The current battle over health care reform is for all the marbles. If there is not some sort of strong federal option (single payer?), the drug manufacturers and health insurance companies will have won a magnificent victory at the cost of working people and small business. Should this occur, aviation and highway interests will move quickly to crush HSR developments and improvements in Amtrak.

Transportation policy is very much connected to health care reform and larger fiscal issues that congress must decide. Of course, infrastructure is a thousand times more effective than income redistribution to bankers, but we should never expect simple rationality to triumph in political debate.

The truth is that, in a country that enshrines free speech as one of its highest virtues, it is just about impossible to have an honest discussion on anything. That is because “some people” have elected to pursue the option of winning at any cost.

From the more parochial standpoint, high speed rail seems to have emerged from the slums of public policy consideration. Even if that revival is on account of perceived benefits to the wealthy, we must not question good fortune.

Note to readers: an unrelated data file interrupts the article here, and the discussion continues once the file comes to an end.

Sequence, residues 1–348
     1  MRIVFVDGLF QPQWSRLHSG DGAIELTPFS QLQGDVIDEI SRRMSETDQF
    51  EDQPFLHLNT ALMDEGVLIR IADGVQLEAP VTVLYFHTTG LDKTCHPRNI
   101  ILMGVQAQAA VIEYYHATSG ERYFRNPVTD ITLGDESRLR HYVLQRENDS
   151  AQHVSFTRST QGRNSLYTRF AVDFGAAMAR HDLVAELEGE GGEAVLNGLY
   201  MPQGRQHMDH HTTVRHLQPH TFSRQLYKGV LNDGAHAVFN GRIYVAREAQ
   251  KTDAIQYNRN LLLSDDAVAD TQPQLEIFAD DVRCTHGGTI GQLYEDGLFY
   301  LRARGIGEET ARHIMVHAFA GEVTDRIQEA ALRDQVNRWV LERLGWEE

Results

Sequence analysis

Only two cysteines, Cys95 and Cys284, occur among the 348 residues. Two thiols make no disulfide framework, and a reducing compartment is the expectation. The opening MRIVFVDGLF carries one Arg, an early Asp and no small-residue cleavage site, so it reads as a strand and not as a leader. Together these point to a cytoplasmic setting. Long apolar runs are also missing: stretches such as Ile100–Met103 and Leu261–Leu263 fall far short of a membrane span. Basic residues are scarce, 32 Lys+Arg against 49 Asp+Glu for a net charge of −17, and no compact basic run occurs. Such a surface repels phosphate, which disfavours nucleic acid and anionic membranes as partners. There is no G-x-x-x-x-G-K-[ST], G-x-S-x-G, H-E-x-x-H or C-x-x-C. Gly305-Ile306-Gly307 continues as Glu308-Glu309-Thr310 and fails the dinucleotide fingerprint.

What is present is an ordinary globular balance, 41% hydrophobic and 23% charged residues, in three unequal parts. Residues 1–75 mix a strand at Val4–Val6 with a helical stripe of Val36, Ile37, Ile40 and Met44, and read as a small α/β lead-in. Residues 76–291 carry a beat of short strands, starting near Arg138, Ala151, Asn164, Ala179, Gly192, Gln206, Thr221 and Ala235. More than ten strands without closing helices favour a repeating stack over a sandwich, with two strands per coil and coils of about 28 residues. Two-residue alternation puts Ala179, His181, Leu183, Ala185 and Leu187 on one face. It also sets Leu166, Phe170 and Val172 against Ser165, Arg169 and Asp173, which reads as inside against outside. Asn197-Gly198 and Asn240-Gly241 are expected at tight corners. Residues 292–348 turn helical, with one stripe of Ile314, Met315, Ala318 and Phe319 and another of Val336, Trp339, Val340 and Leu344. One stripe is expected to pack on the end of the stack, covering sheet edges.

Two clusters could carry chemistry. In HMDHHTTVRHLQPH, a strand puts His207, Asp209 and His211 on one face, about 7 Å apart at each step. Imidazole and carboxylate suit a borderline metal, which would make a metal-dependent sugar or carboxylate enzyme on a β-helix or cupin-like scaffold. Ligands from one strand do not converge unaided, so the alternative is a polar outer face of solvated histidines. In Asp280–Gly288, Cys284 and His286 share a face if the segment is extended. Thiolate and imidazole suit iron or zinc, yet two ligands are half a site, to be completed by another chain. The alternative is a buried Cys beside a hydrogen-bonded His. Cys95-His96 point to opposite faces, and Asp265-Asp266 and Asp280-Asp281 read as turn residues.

Let us consider the times. Amtrak is preparing for a significant purchase of motive power and long distance passenger cars. Ground has been broken on a new Autotrain terminal. Beaumont will soon have a new station and its location hangs entirely on the will of local politicians.

Progressive Railroading reports the FRA “has received 278 pre-applications for high-speed rail (HSR) grants totaling $102 billion.” Now that is a lot of interest. When conservative Oklahoma gets in the discussion, things are really changing.

Nonetheless, truckers and aviation interests stand ready to oppose all improvements in alternative transportation at all costs. The elephant in the room is that highways do not begin to cover their costs and will demand support, no SUBSIDIES, from other sources.

Of course, in the trucker’s alternate universe, the rest of us are not entitled to any say on how the money is spent. Should drug manufacturers and health insurance companies succeed in “breaking” President Obama, there is little to prevent the final destruction of sensible transportation. Our battle is a tiny skirmish in the larger political landscape.